This memoir chronicles the 12 months following the death of author Sherry Scott’s mother. It’s a year that challenges the palliative pediatrician’s long-held ideas about grieving, surprising her with an unexpected “burning desire to return to adolescence.”
While set in the present, a great deal of the story takes place in the past as Scott’s grief takes her increasingly down memory lane. She writes about childhood holidays, summers in Texas, neighborhood friends and the music of her youth – the ‘70s. Four months after losing her mother, she hears an old Todd Rundgren song and becomes fixated on the singer, watching his videos on YouTube and eventually going to a concert.
“Unbeknown to me at the time of all this obsessing and pining over a ‘70s rock star, the artist himself was at work on his twentieth solo album, Arena …” she writes. “He chose his sixtieth birthday party that June to introduce the new CD and kick off his tour, which arrived in Dallas … Struck by the timing of all this, I ended up purchasing four tickets just to secure the best seats I could in order to get a good look at this icon.”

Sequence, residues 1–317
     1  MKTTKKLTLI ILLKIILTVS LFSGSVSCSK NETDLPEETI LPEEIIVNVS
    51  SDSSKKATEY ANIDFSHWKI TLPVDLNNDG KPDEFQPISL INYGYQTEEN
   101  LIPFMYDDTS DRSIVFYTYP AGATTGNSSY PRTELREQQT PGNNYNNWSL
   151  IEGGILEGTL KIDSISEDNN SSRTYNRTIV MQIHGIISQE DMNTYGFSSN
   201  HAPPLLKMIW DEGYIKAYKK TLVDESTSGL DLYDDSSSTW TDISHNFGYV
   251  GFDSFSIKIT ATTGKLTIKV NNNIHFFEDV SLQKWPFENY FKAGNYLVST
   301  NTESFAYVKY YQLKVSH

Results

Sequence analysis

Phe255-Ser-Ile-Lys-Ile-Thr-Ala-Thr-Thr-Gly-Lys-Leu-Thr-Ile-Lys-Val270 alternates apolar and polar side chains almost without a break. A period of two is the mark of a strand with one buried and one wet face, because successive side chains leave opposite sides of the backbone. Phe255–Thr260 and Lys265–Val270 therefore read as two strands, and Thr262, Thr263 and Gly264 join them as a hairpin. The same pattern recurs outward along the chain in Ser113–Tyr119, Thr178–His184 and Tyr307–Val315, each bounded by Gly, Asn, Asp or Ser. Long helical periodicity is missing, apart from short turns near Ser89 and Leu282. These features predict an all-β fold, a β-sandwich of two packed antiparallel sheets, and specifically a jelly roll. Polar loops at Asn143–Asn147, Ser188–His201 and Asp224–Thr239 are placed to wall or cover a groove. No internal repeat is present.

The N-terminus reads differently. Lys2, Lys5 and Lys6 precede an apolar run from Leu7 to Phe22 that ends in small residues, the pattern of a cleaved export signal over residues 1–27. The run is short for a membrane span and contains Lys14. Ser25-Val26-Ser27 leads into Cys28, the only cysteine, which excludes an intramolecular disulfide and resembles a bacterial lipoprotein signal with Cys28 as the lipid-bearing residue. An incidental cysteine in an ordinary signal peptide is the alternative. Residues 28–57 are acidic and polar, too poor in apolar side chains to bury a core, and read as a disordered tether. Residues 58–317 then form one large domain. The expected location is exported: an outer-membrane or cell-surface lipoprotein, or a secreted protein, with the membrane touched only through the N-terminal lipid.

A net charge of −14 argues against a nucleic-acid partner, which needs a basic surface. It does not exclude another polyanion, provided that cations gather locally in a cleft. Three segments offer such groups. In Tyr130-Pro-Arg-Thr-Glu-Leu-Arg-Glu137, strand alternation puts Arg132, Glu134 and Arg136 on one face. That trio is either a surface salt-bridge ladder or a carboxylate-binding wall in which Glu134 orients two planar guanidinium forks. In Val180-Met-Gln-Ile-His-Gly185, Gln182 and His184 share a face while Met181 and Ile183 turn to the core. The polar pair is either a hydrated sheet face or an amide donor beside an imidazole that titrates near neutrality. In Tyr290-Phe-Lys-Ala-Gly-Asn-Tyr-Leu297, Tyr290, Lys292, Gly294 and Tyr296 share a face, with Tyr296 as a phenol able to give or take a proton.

The concert seems to assuage her fascination with Rundgren, but Scott remains mired in nostalgia for her youth, by turns angry and depressed over the “relentless march” of time and dreams never pursued. In the end, she begins to make some peace with her process, realizing that there’s no timetable for grief.
This is an intelligently written memoir, but despite the sorrowful subject, it seems to lack emotional resonance. So much of the story takes place in the past that there’s a sense of waiting for that big moment in the present to finally occur, and it never really does. Nonetheless, there are many universal moments here that children of the ‘70s in particular will appreciate. Likewise, any woman who has lost her mother will relate to this tale.
Also available in hardcover and ebook.